In case you missed the announcement, the BBC’s Director of Comedy quit this week.

Obviously, your first response to that news would have to be “Wait – the BBC had a Director of Comedy?”

You might then wonder why he’d jumped ship. Perhaps he had just found out the BBC was bringing back Peter Crouch and Maya Jama to “add some funny” to the European Championships this summer.

Or maybe he’d watched last Friday’s return of This Time with Alan Partridge and decided to get out before things got really awkward.

On paper, moving the latest ­incarnation of Steve Coogan’s greatest creation from Monday nights to form a Friday double bill with Have I Got News for You? seemed a solid enough idea.

Is This Time with Alan Partridge a hit?
Is This Time with Alan Partridge a hit?

Sadly, the plan had flaws. Firstly, viewers didn’t desert the debut series of This Time in their droves simply because it didn’t fit in with their watching diary.

Secondly, Have I Got News for You? has been slowly dying for a bad four or five years now.

Ian Hislop appears to approach each show as if he’s chairing a Private Eye editorial meeting, while his opposite number Paul Merton looks like he’d rather be on a train somewhere.

Last Friday we witnessed the unedifying sight of Merton, the Mullet of Mirth, displaying an astounding lack of self-awareness as he took the mickey out of Tony Blair for having a bad haircut.

Alan Partridge (STEVE COOGAN)
The series has been paired with Have I Got News For You in the BBC schedules
Alan and Tiff in This Time with Alan Partridge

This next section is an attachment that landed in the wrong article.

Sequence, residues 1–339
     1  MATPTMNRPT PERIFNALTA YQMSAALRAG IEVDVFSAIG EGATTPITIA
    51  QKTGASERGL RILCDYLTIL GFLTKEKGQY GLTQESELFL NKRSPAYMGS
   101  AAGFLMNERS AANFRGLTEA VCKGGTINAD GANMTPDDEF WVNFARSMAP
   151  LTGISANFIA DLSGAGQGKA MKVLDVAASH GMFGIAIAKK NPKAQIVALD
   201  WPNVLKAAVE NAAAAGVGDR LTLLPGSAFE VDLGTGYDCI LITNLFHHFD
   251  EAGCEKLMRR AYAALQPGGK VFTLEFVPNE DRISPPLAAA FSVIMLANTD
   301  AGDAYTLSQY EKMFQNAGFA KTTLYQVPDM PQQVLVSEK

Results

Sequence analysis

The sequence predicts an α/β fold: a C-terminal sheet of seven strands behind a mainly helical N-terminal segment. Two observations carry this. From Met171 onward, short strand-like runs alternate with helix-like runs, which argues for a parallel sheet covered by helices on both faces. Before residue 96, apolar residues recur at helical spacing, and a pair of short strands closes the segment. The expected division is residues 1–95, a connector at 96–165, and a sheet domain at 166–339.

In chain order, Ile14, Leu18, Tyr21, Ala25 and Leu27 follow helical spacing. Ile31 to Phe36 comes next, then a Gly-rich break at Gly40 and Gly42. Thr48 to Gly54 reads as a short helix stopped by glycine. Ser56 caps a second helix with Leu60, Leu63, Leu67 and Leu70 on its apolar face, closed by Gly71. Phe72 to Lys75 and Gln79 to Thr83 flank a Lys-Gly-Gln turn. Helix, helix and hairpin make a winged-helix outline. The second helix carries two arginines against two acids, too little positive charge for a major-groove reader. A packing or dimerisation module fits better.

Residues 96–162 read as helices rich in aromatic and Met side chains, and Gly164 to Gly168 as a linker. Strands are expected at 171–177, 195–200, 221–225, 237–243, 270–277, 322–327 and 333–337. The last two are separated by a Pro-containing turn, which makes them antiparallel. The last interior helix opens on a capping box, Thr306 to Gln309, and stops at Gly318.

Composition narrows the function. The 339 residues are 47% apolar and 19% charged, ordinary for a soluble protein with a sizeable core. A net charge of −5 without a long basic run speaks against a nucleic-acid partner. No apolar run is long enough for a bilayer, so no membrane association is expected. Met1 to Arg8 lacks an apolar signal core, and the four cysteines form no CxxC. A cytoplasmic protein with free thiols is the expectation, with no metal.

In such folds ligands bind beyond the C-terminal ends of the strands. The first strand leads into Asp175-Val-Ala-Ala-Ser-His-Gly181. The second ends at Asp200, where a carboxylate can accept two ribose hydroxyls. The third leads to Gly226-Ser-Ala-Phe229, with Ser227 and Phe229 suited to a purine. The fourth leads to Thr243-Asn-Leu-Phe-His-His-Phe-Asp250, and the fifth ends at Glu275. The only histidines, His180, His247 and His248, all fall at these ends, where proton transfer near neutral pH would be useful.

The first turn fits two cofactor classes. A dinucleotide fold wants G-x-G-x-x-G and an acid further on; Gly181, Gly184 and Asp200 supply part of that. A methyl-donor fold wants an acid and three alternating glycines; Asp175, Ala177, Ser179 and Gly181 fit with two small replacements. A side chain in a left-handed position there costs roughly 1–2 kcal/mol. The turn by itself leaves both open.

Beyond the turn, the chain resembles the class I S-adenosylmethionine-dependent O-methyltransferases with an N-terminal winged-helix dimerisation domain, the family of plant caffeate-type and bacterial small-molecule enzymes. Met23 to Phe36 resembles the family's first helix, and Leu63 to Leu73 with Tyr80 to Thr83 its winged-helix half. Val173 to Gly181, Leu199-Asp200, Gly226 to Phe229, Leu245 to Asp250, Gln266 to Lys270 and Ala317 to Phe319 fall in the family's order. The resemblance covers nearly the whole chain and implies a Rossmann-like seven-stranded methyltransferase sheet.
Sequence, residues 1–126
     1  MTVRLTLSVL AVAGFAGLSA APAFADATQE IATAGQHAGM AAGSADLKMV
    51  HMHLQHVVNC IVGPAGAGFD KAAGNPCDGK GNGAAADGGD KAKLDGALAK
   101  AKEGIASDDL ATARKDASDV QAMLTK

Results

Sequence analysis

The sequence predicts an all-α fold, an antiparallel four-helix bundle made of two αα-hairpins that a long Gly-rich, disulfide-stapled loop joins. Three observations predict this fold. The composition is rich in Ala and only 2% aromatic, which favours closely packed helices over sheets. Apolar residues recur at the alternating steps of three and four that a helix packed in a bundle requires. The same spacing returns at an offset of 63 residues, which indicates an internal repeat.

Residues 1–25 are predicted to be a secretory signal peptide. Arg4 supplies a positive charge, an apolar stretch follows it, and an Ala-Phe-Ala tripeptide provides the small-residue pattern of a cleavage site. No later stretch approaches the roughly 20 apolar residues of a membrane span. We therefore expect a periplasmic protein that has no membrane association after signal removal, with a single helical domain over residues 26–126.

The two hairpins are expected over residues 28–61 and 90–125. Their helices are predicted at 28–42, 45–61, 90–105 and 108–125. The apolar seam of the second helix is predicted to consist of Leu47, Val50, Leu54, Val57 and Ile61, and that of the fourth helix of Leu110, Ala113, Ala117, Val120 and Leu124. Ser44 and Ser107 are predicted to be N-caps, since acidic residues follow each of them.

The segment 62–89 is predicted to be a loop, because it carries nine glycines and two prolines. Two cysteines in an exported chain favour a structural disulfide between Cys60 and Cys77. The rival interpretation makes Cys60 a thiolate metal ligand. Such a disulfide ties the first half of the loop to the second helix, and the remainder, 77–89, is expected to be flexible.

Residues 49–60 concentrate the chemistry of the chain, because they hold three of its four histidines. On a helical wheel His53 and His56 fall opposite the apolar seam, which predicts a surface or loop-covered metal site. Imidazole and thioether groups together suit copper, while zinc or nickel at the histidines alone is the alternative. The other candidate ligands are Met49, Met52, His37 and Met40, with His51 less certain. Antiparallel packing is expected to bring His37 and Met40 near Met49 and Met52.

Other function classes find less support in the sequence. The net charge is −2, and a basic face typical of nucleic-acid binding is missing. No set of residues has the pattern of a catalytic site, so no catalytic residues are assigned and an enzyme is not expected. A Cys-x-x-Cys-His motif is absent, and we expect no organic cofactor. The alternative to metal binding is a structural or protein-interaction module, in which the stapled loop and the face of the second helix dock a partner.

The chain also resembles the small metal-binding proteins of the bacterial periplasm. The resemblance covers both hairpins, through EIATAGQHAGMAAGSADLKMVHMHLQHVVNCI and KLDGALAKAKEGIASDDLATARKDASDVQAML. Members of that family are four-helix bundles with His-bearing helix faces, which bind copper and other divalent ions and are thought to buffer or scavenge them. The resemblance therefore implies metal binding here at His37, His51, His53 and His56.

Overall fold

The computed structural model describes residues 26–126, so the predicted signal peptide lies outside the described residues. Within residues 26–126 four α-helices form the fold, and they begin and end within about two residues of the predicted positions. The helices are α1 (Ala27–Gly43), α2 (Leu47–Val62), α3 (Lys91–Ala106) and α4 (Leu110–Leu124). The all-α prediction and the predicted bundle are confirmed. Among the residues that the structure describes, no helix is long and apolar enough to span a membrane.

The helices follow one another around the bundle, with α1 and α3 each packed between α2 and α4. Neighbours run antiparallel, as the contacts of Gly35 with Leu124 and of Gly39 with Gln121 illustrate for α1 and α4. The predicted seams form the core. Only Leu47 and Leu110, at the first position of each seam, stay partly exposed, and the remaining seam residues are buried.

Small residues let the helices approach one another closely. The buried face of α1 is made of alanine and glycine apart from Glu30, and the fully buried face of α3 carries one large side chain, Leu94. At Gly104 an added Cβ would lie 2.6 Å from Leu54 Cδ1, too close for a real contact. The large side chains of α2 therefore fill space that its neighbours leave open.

Alan and Tiff in This Time with Alan Partridge

Oh, and they’ve also started doing “Eric Pickles is fat” jokes again. (I’m assuming there was a bet in the ­production office.) Compared to that, Partridge as the bungling host of a tame current affairs show is an absolute feast of fun. Unfortunately, compared to any other Partridge programme, it’s a borderline insult.

There are one or two decent laughs per episode, but I generally find myself wondering why they didn’t just do a straight parody of The One Show and leave it at that.

Instead, Coogan has been indulged to the point where no one dared tell him that Partridge’s seven-minute monastery segment was at least six minutes too long, or that he needs to stop doing that silly voiceover voice for no reason.

Alan Partridge's antics are 'no longer an extraordinary sight for viewers'
Alan Partridge's antics are 'no longer an extraordinary sight for viewers'

To be fair, This Time’s main failing cannot be pinned on Coogan– although, in a way, it can.

The fact is there are so many late middle-aged male hosts following the Partridge blueprint these days, that a cringey, needy, gaffe-prone windbag is no longer an extraordinary sight for viewers.

And that’s before GB News has even launched.